# 2x^2+9x-5I have been struggling over this factoring problem literally all day. It makes absolutely no sense to me. I break it down into (x   )(x   ) so now I have to factor -5 right? however -5...

2x^2+9x-5

I have been struggling over this factoring problem literally all day. It makes absolutely no sense to me. I break it down into (x   )(x   ) so now I have to factor -5 right? however -5 is a prime number and 5 and 1, regardless of where the negative is placed, doesn't seem to add up to 9. Please don't answer  this with rows of variables. explain in detail.

jeew-m | Certified Educator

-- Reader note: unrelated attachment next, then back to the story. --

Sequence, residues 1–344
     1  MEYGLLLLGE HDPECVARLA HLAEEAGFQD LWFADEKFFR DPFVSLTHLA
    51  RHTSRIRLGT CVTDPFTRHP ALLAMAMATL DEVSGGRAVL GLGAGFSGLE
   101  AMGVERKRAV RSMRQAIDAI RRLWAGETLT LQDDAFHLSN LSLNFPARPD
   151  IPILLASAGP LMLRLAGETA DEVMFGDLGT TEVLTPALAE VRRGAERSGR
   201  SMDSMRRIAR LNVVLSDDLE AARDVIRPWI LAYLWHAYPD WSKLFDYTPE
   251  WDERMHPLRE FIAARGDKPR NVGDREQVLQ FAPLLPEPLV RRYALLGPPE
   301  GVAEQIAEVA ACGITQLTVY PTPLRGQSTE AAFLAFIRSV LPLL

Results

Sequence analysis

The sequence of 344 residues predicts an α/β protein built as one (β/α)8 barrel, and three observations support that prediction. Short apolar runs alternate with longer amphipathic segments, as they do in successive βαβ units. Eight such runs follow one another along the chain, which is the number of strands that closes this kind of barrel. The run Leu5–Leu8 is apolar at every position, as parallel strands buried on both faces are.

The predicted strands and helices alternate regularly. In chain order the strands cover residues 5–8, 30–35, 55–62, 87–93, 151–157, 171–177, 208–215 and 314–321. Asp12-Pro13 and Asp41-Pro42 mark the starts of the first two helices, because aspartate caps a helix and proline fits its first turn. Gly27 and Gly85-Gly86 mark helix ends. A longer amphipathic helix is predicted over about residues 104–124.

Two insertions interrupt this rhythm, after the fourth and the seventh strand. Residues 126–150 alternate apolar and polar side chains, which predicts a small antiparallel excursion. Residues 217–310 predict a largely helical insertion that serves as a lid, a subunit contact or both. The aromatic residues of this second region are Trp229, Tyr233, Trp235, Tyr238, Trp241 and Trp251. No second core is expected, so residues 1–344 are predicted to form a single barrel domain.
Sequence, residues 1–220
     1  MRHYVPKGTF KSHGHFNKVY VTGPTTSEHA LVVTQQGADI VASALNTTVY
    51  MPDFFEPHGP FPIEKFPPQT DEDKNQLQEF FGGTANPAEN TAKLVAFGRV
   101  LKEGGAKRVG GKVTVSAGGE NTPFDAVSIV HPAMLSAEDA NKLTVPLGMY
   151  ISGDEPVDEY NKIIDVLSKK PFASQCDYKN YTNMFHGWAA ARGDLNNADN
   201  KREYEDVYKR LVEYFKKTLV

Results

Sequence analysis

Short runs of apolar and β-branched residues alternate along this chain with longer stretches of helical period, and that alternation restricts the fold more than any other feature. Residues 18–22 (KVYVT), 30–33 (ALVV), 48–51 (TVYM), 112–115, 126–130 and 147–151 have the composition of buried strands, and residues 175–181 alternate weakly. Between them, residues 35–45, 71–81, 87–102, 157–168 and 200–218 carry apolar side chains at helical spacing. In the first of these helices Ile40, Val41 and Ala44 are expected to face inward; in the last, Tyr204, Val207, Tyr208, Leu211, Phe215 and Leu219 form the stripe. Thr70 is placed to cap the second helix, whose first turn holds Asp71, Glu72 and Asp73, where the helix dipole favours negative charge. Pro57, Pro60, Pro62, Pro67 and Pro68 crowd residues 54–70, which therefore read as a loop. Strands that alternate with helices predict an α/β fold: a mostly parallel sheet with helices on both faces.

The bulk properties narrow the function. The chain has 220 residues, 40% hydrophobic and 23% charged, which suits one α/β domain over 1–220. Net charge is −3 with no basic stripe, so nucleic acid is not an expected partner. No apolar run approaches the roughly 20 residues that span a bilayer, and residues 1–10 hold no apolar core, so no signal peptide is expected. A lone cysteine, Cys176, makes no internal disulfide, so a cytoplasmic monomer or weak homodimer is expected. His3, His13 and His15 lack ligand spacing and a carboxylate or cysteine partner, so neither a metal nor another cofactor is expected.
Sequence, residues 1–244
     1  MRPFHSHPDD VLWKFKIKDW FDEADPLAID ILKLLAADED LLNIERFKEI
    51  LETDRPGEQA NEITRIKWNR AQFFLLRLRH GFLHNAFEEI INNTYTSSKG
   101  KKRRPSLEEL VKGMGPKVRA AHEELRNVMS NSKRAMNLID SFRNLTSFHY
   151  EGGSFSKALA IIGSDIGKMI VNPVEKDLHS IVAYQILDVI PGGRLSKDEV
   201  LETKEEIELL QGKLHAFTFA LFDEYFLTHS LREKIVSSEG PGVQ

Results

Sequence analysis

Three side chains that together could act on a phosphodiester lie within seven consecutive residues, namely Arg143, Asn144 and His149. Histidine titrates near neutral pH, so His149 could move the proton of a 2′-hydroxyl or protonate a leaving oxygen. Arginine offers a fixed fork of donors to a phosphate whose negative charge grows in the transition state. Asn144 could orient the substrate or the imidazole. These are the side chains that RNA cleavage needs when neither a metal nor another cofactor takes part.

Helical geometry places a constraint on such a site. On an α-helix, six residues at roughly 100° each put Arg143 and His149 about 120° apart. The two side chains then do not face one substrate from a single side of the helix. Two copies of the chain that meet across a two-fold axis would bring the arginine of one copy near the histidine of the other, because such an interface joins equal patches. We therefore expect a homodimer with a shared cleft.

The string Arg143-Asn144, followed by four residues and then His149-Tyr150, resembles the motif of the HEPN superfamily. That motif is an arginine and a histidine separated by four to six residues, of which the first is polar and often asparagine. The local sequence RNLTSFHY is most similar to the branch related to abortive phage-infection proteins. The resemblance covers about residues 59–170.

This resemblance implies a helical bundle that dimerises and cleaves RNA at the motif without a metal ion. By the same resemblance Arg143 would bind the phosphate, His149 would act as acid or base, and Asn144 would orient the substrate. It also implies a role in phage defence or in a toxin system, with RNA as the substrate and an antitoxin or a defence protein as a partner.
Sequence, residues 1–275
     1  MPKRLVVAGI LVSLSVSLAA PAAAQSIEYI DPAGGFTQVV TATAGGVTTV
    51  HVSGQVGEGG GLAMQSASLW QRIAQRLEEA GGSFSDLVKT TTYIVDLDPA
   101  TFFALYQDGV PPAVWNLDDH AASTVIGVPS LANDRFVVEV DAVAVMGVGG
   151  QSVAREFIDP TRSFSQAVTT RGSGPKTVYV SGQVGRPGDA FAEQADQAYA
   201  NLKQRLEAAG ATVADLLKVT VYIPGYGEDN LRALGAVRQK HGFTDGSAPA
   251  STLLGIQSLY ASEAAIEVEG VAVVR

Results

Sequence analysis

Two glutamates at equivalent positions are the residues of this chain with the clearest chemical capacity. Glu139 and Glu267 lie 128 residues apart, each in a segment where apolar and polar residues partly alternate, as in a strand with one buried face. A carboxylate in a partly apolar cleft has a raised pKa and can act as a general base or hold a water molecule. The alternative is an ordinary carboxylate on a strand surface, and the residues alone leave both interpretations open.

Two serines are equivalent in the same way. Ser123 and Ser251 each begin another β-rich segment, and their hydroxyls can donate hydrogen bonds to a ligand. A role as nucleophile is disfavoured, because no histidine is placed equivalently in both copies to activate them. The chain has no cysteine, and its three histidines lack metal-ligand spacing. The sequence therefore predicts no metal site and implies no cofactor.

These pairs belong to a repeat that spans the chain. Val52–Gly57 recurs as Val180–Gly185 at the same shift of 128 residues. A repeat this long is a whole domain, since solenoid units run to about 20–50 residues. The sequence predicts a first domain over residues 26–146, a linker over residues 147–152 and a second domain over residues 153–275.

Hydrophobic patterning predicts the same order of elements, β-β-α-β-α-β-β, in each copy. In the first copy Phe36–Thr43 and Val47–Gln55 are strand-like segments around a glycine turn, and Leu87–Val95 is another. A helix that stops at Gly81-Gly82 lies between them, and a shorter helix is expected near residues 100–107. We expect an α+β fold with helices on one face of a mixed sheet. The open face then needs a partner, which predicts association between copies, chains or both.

`2x^2+9x-5 = 0`

`2x^2+10x-x-5 = 0`

`2x(x+5)-1(x+5) = 0`

`(x+5)(2x-1) = 0`

x = -5 or x = 1/2

Note:

`x^2+bx+c = 0`

When you factoring this kind of function you need to adjust 'b' such a way that b = p+q where pq = c

In this case your question is not like this. it is `2x^2+9x-5 = 0`

To do this you need 1 in front of `x^2` instead of 2. So you can divide the equation by 2 as the first step. This is one method of solving that. There is the point you have failed.

`ax^2+bx+c = 0`

When you factoring this kind of function you need to adjust 'b' such a way that b = p+q where pq = ac

In this case your question is like this. it is 2x^2+9x-5 = 0

So when you are factoring you must find the factors that add up -5*2 = -10 NOT 5.

This numbers are 10 and-1 which gives addition as 9 and product as -10.

Hope you have understand the issue.